Medical Insurance

Terminating Employment and COBRA Coverage

If you're going directly to another employer, chances are you'll elect to join the new company health insurance plan. However, you may not be eligible for plan benefits on your first day of employment. You might have to wait up to three or six months. In some states, you might be eligible to apply for interim medical coverage.

You can elect COBRA coverage through your existing employer. COBRA stands for the Consolidated Omnibus Budget Reconciliation Act of 1985. It requires mandatory continuation of health benefits at group rates for employees and their dependants who would otherwise lose their group health coverage. Employers exempt from this requirement are small employer plans (fewer than 20 employees), church plans, and federal government plans. Here are a few details about COBRA coverage:

  • Continued coverage is available for a period ranging from 18 to 36 months, depending upon the qualifying event (see below).
  • The premium cost charged to the employee cannot exceed 102% of the cost to the plan for coverage.
  • The benefit coverage must be the same under COBRA as the employee had prior to the qualifying event.
  • There is no evidence of insurability conditions.

Qualifying events include the following:

  • Death of the employee
  • Termination of employment, other than for gross misconduct
  • Reduced work hours
  • Divorce or legal separation
  • A dependent child no longer meets the dependency requirements, e.g., graduates from college

Qualifying Event

Continuation Period

Child

Spouse

Employee

Termination of employment (not gross misconduct)

18 months

18 months

18 months

Reduced work hours

18 months

18 months

18 months

Death of employee

36 months

36 months

Divorce/legal separation

36 months

36 months

Minor child's change in status

36 months

Employees and their dependants must be notified in writing of their eligibility for COBRA coverage. The employee then has 60 days from the later of the date of the COBRA notice or the date of the qualifying event to elect coverage. If you become divorced, legally separated, or your child no longer qualifies as a dependant, you must notify your human resources department within 60 days if you or your dependants want to continue coverage.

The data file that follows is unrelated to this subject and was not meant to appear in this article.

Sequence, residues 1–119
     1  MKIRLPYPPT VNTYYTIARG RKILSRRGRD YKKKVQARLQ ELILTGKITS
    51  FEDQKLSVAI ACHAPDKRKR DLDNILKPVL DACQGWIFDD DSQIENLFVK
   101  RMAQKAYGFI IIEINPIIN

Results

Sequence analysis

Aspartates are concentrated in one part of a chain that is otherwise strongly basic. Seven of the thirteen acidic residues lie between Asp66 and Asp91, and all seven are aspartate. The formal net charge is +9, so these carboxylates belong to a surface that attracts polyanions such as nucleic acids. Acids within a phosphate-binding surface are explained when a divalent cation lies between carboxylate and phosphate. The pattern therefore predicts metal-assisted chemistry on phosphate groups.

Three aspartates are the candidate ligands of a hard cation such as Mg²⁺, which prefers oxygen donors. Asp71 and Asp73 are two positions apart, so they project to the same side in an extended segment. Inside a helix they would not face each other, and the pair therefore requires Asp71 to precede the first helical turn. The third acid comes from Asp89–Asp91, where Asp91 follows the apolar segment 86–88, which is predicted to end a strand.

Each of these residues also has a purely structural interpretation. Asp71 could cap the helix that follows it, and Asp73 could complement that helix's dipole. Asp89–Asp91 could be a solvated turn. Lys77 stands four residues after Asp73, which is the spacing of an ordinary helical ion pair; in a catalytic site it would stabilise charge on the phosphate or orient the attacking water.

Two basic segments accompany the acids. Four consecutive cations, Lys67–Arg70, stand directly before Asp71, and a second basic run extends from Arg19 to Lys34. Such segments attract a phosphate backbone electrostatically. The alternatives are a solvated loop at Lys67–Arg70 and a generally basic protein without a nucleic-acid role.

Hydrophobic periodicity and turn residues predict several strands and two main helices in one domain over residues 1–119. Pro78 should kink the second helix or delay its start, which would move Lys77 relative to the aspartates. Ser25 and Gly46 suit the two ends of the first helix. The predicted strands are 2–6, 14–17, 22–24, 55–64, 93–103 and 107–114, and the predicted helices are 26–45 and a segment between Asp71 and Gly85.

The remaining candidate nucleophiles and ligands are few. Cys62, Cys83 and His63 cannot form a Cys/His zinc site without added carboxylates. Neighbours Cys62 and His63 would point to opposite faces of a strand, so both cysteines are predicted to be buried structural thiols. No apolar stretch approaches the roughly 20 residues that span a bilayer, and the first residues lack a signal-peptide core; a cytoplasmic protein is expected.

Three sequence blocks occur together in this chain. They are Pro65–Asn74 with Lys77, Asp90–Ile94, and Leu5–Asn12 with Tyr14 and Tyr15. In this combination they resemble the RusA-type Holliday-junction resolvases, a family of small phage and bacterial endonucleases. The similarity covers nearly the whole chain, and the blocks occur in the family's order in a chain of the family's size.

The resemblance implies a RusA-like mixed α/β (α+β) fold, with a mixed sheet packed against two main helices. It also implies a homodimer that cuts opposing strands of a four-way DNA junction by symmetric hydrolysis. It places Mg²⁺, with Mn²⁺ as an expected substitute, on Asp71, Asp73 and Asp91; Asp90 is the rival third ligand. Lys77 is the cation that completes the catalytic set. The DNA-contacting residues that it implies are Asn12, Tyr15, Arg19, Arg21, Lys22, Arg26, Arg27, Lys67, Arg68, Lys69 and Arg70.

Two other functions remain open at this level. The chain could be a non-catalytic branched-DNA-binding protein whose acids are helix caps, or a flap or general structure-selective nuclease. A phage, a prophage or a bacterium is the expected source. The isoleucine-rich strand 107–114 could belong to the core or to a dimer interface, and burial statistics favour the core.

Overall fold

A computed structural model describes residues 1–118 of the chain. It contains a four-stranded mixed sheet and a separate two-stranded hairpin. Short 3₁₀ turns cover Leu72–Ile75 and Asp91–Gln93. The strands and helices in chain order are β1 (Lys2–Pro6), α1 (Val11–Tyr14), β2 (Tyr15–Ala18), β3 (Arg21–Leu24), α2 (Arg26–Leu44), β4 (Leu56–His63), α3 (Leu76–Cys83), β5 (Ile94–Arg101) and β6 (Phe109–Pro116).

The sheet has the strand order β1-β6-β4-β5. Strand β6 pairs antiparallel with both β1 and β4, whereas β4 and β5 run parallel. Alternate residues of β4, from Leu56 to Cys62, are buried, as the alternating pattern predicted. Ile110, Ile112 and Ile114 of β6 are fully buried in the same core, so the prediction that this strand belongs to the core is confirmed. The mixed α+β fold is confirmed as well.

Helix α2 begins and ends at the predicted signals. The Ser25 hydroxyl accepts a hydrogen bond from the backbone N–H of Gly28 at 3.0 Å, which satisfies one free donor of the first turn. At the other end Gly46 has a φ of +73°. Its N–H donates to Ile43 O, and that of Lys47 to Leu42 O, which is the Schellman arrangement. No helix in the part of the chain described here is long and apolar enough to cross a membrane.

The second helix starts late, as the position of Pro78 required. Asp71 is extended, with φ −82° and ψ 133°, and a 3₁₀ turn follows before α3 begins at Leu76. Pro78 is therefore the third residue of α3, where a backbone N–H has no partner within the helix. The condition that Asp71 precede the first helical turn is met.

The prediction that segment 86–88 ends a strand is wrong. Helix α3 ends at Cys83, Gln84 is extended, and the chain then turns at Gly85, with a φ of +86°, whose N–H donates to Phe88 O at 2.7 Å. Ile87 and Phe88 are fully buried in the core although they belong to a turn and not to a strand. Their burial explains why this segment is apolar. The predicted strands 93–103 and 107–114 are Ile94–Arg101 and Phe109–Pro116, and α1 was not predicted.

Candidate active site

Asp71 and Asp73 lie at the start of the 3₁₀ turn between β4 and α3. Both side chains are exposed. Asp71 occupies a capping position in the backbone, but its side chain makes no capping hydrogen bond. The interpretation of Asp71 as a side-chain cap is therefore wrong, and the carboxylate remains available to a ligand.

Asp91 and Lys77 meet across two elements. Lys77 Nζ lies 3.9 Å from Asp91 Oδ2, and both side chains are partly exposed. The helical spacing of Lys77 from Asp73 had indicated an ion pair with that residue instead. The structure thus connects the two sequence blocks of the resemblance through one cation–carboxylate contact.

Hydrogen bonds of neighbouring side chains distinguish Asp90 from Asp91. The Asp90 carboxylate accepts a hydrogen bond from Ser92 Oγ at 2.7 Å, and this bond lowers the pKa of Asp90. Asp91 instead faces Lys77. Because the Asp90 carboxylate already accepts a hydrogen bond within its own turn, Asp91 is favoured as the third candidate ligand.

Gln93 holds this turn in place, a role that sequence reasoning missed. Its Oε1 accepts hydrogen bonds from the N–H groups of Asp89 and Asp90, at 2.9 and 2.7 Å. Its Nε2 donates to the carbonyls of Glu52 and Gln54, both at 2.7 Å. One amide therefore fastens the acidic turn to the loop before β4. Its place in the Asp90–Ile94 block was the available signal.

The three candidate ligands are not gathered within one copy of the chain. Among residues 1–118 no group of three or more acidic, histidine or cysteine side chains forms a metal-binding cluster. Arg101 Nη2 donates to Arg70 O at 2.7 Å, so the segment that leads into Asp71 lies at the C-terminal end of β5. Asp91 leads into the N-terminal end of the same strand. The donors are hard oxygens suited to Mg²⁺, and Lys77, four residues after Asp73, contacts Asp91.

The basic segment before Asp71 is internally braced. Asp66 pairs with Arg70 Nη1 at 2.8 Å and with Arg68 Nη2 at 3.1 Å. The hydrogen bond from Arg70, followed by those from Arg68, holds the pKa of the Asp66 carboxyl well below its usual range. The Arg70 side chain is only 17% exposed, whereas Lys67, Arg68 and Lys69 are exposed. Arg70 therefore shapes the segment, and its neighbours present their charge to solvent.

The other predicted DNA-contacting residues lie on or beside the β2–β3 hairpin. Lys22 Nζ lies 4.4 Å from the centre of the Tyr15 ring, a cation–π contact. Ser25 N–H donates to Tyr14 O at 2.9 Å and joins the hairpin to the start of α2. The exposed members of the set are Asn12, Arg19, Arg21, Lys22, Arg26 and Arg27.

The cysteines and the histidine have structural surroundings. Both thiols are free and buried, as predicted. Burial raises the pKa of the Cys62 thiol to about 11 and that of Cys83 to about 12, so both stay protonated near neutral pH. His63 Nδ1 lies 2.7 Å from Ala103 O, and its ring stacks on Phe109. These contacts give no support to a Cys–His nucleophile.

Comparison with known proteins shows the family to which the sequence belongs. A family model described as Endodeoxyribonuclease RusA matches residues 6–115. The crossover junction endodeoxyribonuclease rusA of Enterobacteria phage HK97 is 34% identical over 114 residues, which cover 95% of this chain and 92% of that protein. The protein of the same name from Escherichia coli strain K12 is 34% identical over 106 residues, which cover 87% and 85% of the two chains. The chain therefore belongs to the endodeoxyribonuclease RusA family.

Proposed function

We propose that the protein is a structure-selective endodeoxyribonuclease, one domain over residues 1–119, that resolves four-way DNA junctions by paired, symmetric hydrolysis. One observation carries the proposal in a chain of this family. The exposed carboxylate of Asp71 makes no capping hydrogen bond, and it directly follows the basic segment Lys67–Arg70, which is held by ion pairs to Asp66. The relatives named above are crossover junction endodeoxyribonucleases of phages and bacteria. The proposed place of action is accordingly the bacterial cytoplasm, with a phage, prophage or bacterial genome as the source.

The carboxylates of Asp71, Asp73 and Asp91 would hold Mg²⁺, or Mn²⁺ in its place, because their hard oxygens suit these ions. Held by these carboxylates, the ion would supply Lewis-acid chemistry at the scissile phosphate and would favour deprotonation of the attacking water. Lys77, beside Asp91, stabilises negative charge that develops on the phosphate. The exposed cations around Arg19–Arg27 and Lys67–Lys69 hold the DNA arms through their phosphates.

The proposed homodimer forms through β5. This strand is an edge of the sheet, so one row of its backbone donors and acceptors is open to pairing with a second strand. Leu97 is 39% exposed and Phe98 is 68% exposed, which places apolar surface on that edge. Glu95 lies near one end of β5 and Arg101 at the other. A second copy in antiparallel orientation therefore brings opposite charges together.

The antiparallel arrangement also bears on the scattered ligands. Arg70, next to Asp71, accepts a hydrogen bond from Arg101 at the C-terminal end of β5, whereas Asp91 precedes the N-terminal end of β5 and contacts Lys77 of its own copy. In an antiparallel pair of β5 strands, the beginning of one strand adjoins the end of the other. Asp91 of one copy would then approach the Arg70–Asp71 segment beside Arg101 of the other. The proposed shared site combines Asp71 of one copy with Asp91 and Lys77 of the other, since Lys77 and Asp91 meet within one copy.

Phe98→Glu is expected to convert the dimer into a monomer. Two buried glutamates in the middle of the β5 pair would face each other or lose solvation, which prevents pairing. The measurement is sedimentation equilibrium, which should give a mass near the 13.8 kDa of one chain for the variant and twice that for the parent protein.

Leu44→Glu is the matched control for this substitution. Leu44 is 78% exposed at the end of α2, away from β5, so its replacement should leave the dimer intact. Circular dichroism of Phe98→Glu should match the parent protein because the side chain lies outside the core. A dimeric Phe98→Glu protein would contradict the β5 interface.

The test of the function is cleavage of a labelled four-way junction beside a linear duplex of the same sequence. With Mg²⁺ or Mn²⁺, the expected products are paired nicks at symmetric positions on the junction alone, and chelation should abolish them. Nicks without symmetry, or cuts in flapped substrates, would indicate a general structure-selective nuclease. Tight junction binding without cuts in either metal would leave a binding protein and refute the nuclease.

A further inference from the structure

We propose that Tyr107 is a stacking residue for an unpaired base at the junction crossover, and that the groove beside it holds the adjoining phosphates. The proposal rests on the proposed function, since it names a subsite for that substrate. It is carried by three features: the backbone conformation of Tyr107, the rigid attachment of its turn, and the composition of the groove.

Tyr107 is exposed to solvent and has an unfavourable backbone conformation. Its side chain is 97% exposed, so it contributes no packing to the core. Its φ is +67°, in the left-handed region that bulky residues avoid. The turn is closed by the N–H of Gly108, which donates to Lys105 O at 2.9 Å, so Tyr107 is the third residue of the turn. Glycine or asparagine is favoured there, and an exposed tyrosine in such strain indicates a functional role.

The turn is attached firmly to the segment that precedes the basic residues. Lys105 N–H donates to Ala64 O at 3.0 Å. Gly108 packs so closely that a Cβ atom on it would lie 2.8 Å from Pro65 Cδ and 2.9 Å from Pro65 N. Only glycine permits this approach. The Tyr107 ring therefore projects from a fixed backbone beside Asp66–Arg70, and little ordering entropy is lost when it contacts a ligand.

IMPORTANT NOTE: If you're leaving your present job to work for a new employer or to start your own business, you may want to consider electing COBRA coverage. The health plan available from your new employer may have a waiting period for coverage under the plan. Even if you are eligible for the new plan on your first day of employment or shortly thereafter, the new company's plan might not cover you for preexisting conditions for up to 18 months. Preexisting condition policies vary from employer to employer. However, by law, any exclusion period must generally be reduced by the length of time you had prior health plan coverage. In addition, depending on how your plan is funded, state mandated rules may prevail. If you're thinking of purchasing private group or individual medical insurance, check with your local state insurance department to help you determine if you need COBRA coverage.

Obviously, carrying two plans can be quite costly. If you do need COBRA coverage, you should elect it only if your out-of-pocket cost to treat the preexisting condition exceeds the cost of the additional premium.

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